However, Greetham believes things will pick up during the latter part of 2012. "A bullish case can be made for 2012," he says. "It rests on a US-led economic upswing strong enough to offset anticipated weakness in the European economy, and it assumes the worst-case scenario of a messy euro break-up can be avoided."
US equities could perform well due to their defensive qualities, says Greetham, and he is also favouring gold as a defensive asset. Diversification remains the most important part of investment for 2012, as "investment conditions remain difficult" across the board.
Jeremy Tigue, manager of the Foreign & Colonial investment trust, believes politics will continue to be a huge issue in 2012 with limited decisive action taking place while some major world leaders attempt to keep voters on side in the run-up to elections.
Next year there will be elections in China in January, Russia in March, France in April and the US in November. In Tigue's view, the result of such political procrastination will be that the crisis in the eurozone will rumble on.
He comments: "The eurozone desperately needs to take action against a rising tide of contagion and 2012 will be make or break for them. The three most likely outcomes are quantitative easing, full fiscal union or a break-up of the eurozone in its current guise."
Tigue predicts global growth of around 2-3% in 2012 (rather than the 3-4% widely predicted). But he is more upbeat on dividends – "the dividend outlook is robust" – and specific regions of the world. "The best growth potential is in the emerging markets. Big multinationals like Unilever that are expanding there could do well." Tigue adds that the US, with its confident consumers and world-leading companies, could also perform well in 2012.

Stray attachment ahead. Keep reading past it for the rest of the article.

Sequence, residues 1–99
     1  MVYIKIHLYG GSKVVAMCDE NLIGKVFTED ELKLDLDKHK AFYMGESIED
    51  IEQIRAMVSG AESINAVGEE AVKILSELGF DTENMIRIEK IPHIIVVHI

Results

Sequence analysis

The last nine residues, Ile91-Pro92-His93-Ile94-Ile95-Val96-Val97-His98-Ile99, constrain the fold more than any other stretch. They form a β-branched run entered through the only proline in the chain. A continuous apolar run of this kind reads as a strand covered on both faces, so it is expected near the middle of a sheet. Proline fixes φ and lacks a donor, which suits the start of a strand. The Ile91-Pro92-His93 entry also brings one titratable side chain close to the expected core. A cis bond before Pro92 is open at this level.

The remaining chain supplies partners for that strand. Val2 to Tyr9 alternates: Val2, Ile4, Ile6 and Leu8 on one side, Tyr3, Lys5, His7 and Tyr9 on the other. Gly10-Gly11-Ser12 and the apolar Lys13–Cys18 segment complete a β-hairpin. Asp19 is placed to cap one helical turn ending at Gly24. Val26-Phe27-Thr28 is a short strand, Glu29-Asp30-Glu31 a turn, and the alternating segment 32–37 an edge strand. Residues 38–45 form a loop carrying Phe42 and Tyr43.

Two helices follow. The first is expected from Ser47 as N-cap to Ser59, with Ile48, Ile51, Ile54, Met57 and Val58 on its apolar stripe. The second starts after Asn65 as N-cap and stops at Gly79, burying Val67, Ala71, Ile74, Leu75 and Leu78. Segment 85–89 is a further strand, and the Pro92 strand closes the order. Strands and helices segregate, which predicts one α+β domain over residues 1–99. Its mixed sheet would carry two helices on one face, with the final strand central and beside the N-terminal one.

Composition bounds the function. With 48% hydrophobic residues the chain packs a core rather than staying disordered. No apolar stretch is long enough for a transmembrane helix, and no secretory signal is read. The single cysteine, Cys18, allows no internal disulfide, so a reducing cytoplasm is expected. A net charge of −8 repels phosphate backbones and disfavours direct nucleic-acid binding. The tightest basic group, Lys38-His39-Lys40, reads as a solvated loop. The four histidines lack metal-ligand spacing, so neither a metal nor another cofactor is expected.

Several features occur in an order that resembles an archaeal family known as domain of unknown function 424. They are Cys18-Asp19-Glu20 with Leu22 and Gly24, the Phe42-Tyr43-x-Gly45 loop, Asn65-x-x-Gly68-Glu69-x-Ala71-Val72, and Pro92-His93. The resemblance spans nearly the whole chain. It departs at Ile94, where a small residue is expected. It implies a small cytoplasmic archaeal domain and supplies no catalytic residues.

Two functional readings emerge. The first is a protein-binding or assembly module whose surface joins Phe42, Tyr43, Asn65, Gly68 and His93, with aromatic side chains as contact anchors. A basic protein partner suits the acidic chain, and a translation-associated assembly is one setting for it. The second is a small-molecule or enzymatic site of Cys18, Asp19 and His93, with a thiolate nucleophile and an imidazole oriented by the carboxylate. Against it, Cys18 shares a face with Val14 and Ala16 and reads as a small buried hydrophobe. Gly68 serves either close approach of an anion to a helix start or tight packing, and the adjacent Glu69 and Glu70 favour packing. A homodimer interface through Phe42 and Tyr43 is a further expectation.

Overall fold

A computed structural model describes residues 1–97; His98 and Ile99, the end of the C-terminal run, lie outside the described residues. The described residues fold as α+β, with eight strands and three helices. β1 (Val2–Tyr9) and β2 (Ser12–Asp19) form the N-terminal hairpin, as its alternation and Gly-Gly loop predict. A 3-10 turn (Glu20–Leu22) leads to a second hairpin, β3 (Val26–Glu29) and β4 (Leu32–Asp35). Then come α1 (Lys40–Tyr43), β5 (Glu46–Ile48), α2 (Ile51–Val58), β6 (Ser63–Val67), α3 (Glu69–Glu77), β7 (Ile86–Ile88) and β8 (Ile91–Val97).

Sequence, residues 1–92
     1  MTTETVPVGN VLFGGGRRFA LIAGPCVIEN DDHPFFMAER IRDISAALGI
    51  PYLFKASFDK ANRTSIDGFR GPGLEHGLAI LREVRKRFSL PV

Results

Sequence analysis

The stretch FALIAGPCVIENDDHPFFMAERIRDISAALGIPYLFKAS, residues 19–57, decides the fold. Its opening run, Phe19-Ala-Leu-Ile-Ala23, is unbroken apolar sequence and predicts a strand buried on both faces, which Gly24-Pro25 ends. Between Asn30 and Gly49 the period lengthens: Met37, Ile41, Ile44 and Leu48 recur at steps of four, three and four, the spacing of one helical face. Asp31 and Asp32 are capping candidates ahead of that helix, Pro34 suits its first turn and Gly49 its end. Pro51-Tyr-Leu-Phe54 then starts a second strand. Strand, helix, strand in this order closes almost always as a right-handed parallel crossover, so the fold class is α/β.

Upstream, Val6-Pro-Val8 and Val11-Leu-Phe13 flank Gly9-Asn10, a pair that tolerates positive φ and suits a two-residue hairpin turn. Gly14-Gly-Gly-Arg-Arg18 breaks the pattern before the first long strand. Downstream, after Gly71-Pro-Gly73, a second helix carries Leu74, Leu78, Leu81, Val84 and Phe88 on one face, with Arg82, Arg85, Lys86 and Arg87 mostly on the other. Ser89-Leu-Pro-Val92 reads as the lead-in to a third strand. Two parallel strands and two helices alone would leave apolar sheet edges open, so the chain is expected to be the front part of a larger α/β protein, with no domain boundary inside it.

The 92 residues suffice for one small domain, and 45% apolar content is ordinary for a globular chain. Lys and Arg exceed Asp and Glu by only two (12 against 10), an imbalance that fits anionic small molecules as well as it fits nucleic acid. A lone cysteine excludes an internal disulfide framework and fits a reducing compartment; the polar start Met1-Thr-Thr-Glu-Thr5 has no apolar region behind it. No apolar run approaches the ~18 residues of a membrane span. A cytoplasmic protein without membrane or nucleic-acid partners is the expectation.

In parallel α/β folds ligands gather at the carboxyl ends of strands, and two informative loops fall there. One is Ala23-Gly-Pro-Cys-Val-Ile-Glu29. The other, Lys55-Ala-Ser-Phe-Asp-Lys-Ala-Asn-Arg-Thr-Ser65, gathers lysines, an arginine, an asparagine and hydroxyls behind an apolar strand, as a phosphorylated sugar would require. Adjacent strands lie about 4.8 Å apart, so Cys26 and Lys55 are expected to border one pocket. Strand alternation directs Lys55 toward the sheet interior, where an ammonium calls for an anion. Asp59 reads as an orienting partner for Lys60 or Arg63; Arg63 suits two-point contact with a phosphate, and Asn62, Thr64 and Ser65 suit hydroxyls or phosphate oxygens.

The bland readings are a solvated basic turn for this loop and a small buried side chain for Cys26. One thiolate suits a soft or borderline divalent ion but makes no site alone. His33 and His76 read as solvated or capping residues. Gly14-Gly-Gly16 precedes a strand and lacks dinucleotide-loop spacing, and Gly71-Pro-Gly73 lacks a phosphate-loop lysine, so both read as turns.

This article was written for our sister website Money Observer
Investment trusts are companies that invest money in other companies and whose shares are listed on the London Stock Exchange. As with unit trusts, private investors buying shares in an investment trust are buying into a diversified portfolio of assets (to reduce risk), which is managed by a professional fund manager. Investment trusts differ from unit trusts in two important ways: they are listed on the stockmarket and so are owned by their shareholders and are closed-ended funds with a finite number of shares in issue. This means the share price of investment trusts might not reflect the true value of the assets in the company (known as the net asset value, or NAV) and if the NAV value of a share is £1 and the share price in the market is 90p, the trust is said to be running a discount of 10% to NAV. But this means the investor is paying 90p to gain exposure to £1 of assets. Investment trusts can also borrow money and use this money to buy investments. This is known as gearing and a geared trust is thought to be more of an investment risk than an ungeared one.
Lower interest rates encourage people to spend, not save. But when interest rates can go no lower and there is a sharp drop in consumer and business spending, a central bank’s only option to stimulate demand is to pump money into the economy directly. This is quantitative easing. The Bank of England purchases assets (usually government bonds, or gilts) from private sector businesses such as insurance companies, banks and pension funds financed by new money the Bank creates electronically (it doesn’t physically print the banknotes). The sellers use the money to switch into other assets, such as shares or corporate bonds or else use it to lend to consumers and businesses, which pushes up demand and stimulates the economy.
The general term for the rate of income from an investment expressed as an annual percentage and based on its current market value. For example, if a corporate bond or gilt originally sold at £100 par value with a coupon of 10% is bought for £100 then the coupon and the yield are the same at 10%, or £10. But if an investor buys the bond for £125, its coupon is still 10% (or £10) and the investor receives £10 but as the investor bought the bond for £125 (not £100) the yield on the investment is 8%.